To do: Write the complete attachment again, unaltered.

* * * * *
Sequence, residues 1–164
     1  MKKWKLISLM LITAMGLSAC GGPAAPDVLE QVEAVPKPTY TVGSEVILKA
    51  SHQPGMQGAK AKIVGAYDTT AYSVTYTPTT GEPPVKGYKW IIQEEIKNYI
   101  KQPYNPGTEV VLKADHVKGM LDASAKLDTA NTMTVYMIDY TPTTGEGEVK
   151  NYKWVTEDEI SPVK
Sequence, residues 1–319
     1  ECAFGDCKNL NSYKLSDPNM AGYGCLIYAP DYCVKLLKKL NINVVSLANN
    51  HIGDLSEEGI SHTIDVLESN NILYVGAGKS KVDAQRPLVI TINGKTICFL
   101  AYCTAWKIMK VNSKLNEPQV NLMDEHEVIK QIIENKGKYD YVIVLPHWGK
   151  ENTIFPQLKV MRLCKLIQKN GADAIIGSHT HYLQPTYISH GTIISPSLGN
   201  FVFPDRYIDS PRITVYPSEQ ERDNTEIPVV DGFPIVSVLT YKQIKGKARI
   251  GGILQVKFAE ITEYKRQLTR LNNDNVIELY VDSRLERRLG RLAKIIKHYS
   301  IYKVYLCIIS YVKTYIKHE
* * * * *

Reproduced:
Sequence, residues 1–164
     1  MKKWKLISLM LITAMGLSAC GGPAAPDVLE QVEAVPKPTY TVGSEVILKA
    51  SHQPGMQGAK AKIVGAYDTT AYSVTYTPTT GEPPVKGYKW IIQEEIKNYI
   101  KQPYNPGTEV VLKADHVKGM LDASAKLDTA NTMTVYMIDY TPTTGEGEVK
   151  NYKWVTEDEI SPVK
Sequence, residues 1–319
     1  ECAFGDCKNL NSYKLSDPNM AGYGCLIYAP DYCVKLLKKL NINVVSLANN
    51  HIGDLSEEGI SHTIDVLESN NILYVGAGKS KVDAQRPLVI TINGKTICFL
   101  AYCTAWKIMK VNSKLNEPQV NLMDEHEVIK QIIENKGKYD YVIVLPHWGK
   151  ENTIFPQLKV MRLCKLIQKN GADAIIGSHT HYLQPTYISH GTIISPSLGN
   201  FVFPDRYIDS PRITVYPSEQ ERDNTEIPVV DGFPIVSVLT YKQIKGKARI
   251  GGILQVKFAE ITEYKRQLTR LNNDNVIELY VDSRLERRLG RLAKIIKHYS
   301  IYKVYLCIIS YVKTYIKHE